Australia are now like 1990s England 

On July 26th the Australian cricket team started a Test series in Sri Lanka as the number one Test team in the world – at least according to the ICC rankings. Since then they have been whitewashed 3-0 in Sri Lanka, whitewashed 5-0 in an ODI series in South Africa and have lost the first two Tests at home to a South Africa team whose best batsman AB de Villiers is out injured and whose best bowler Dale Steyn disappeared from the series on its second day. The defeat in Hobart was pathetic – Australia were bowled out for 85 and 161 and they lost in two and a bit days playing time. Only David Warner, captain Steve Smith, Usman Khawaja, Mitchell Starc and Josh Hazelwood looked Test quality. 

Watching this current Australian team reminded me of the dumpster fire that was England in the 1990s when failure was expected by England cricket fans and the team supplied it. Here are the ways in my opinion that the Australian cricket team resembles England in the 1990s.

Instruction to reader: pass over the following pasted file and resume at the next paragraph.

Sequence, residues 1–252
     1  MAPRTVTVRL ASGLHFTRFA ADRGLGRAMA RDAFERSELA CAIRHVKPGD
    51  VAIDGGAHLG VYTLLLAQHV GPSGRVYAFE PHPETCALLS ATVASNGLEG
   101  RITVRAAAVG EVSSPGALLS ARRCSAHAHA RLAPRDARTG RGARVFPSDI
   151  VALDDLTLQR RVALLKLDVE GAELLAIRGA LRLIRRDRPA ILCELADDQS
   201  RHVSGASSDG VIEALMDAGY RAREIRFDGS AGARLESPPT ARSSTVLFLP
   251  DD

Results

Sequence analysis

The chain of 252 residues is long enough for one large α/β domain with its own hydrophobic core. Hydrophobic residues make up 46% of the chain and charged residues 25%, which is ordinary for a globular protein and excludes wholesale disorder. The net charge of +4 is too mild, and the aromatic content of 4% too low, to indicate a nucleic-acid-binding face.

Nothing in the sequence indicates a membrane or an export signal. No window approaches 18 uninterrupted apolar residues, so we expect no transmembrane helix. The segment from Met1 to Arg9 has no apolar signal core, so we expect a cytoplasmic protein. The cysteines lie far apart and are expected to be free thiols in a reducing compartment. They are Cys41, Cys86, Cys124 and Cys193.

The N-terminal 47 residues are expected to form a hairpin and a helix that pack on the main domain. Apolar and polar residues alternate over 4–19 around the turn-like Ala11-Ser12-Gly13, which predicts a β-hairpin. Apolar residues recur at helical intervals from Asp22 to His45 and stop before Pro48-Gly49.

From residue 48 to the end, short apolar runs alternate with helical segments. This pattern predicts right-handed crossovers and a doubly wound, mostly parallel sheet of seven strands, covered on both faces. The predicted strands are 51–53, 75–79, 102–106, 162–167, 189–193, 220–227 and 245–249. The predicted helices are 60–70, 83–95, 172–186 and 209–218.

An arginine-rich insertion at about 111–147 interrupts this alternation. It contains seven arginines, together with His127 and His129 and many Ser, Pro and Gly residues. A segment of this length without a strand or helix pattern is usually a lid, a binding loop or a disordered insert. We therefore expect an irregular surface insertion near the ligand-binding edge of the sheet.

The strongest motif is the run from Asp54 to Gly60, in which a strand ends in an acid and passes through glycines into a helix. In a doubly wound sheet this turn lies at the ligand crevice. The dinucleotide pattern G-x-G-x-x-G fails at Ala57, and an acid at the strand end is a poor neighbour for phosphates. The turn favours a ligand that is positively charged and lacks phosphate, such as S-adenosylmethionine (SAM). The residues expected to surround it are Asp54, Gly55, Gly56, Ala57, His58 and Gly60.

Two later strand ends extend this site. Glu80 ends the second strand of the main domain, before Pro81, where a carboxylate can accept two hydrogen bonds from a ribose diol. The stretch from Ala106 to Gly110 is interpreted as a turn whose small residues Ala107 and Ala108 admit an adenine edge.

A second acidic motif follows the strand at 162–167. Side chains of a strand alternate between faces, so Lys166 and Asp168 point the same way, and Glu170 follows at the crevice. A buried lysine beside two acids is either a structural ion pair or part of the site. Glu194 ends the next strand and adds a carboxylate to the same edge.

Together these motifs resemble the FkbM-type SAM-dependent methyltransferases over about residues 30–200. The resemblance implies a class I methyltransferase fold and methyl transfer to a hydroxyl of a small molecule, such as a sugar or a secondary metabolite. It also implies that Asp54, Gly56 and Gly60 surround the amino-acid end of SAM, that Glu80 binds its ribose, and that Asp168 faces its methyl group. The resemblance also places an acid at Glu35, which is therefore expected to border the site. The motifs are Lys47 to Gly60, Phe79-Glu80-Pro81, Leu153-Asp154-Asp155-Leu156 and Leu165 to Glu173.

Batting collapses. England in the 1990s were notorious for batting collapses. The nadir was probably 1994 when they were bowled out for less than 100 three times – for 46 by West Indies in Port-of-Spain, 99 by South Africa at Lords, and 92 by Australia at Melbourne. The current Australia team have been bowled out for 88 against Pakistan at Headingley in 2010, 98 by England in Melbourne also in 2010, 47 (after being 21 for nine) by South Africa at Cape Town in 2011, 60 by England at Trent Bridge in last year’s Ashes, and 85 by South Africa in their most recent Test. In fact in their last three Tests they have lost all ten wickets for less than 100 runs in an innings. 

Injured bowlers. England in the 1990s had good fast bowlers – Devon Malcolm, Angus Fraser, Darren Gough, Dominic Cork and Andrew Caddick for instance – but they were never all fit at the same time. The current Australia team has Mitchell Starc, Josh Hazelwood. Pat Cummins, James Pattinson and Peter Siddle but again they are never all fit – in fact Cummins has only played one Test five years ago because he is always injured.